A while back I was looking for authors similar to Neil Gaiman, whose work I have come to appreciate and Martin Millar’s name popped on on separate occasions. I spotted his book The Good Fairies of New York the last time I was in a bookstore and picked it up. It is prefaced with a note from Gaiman himself, praising the book (and others by Millar) so I expected it to be good.
Off the bat, I thought it looked a bit short. Indeed, it’s a very fast read and I could have read it in only a sitting or two if I weren’t pacing myself and reading other books at the same time. The chapters are short and, admittedly, do not always follow logical scene changing set up (with some sort of recognizable division between scene changes). Nevertheless, the book moves at a quick pace from the beginning when we are introduced to two renegade Scottish fairies who have bumbled into modern day New York City after a night of too much alcohol all the way to the end when the pair are finally able to rectify their mistakes (which are mostly made with good intentions anyway).
Millar’s story follows the fairies, Heather and Morag, as their on again, off again friendship turns off and they each befriend humans Dinnie and Kerry, respectively, while running from their past (other very angry fairies). Dinnie isn’t exactly catch of the day and Kerry’s worsening condition (due to Crohn’s disease) plagues her daily, yet she remains appealing to friends, suitors and fairies alike. The pair of fairies prove themselves skilled at upsetting both fairies and humans and it isn’t long before Heather and Morag enrage NYC’s resident fairies, encourage turf wars and become entangled with crazy homeless folk as they attempt to perform good deeds for their human friends.
Although the story centers around the two main fairies and their two human companions, all of the other fairies and humans are interesting, especially a tramp named Magenta who believes she is a legendary Greek hero and sees the other occupants of New York City (humans and fairies) as historical characters.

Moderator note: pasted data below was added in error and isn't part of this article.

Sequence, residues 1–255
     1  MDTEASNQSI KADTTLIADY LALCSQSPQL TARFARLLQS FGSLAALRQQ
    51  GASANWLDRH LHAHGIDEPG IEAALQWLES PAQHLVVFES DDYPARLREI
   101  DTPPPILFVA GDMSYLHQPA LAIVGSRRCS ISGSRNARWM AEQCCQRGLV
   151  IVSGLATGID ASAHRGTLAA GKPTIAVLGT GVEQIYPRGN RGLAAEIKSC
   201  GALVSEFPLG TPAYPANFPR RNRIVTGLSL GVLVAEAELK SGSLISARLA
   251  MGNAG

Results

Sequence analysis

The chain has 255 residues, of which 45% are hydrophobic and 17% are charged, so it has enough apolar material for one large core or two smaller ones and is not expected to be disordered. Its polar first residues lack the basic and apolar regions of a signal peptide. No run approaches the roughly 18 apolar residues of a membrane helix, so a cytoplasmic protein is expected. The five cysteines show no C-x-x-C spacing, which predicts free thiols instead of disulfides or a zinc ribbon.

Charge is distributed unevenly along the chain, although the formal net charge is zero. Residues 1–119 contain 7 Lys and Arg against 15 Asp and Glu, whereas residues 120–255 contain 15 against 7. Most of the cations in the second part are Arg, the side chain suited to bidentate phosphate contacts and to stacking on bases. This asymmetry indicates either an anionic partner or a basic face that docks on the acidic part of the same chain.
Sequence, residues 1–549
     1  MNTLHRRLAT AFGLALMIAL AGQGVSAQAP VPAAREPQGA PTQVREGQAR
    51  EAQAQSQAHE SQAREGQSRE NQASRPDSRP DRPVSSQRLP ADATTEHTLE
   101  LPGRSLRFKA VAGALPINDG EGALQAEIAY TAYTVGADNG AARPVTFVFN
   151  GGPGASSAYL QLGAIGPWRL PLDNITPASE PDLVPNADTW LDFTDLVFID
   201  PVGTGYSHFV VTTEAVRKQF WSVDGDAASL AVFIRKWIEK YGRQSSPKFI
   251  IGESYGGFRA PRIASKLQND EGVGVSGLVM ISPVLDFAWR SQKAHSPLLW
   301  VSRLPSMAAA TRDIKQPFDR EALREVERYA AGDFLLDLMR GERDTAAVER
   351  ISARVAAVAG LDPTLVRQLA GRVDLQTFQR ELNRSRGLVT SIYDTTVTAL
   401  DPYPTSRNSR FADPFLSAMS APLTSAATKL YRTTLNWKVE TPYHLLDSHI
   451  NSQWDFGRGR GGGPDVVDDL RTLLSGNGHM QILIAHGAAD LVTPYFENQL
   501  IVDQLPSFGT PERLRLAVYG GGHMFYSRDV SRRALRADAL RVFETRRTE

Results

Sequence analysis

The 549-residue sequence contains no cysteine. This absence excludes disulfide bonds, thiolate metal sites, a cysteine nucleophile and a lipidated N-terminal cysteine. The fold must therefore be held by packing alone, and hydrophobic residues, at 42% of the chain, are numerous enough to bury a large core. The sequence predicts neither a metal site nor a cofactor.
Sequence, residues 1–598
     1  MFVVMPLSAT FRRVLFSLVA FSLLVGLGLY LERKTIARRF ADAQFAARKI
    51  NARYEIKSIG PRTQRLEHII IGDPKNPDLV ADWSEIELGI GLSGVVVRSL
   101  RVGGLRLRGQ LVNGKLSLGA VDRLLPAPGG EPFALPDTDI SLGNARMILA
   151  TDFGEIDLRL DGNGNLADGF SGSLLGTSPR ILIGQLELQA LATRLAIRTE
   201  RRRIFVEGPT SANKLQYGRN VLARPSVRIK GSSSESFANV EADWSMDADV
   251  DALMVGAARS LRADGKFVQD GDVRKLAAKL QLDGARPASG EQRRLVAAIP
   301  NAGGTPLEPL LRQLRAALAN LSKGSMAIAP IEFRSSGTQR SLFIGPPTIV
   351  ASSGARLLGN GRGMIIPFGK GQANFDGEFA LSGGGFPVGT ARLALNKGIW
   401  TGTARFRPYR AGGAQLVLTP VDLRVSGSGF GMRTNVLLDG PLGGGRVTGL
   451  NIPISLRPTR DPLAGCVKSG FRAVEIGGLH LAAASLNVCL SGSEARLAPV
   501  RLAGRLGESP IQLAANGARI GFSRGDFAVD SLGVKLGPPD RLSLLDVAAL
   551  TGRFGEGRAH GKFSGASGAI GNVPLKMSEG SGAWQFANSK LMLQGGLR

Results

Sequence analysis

Music plays a large role throughout the story from Irish and Scottish tunes played on fiddles to iconic alternative and punk bands from the 80s. The reader does not have to be familiar with either, however, to enjoy this book or appreciate the personality it lends.
The Good Fairies of New York lacks some of the complexities of writing and grammar that Gaiman’s work usually has. Except for sexual content, it would be suitable for young adults (and at the rate kids are growing up these days, maybe that’s barely an exception). Millar’s fairies are quire liberal with their love of sex (including homosexual and incest) and alcohol which may not make this novel family friendly but it is based on friendship, good intentions and clan ties. Fans of European history will find that it is loosely historically based; although it’s not historical fiction. Millar also discusses the declining condition of a human character, Kerry, due to Chrohn’s disease in appropriate but not excruciating detail. If you are easily nauseated, this might not be the book for you.
American readers will quickly come to understand that Martin Millar is not American and certain grammatical and word usage oddities stood out to me when reading. For a book that is set in New York City, it would be nice if an editor had taken notice. On top of that, I notice a handful of errors which would easily have been caught by an editor. No doubt there were more but I missed them as the editors clearly have. Some of the reviews on Amazon attribute this to the small publisher behind which may very well be the case. Still, The Good Fairies of New York has become well known and well printed enough that someone ought to take the time to give it another look.
I also found the ending to be just a bit of a let down. Millar kind of assures us everything will be okay without showing us and I appreciate the idea but would have better appreciated something more solid. Still, The Good Fairies of New York is an entertaining read – quick and generally lighthearted enough to make it a book to have during travel or to read while waiting. It doesn’t break the reader’s heart or lift one’s soul but it’s definitely worth picking up and reading a time or two (or more).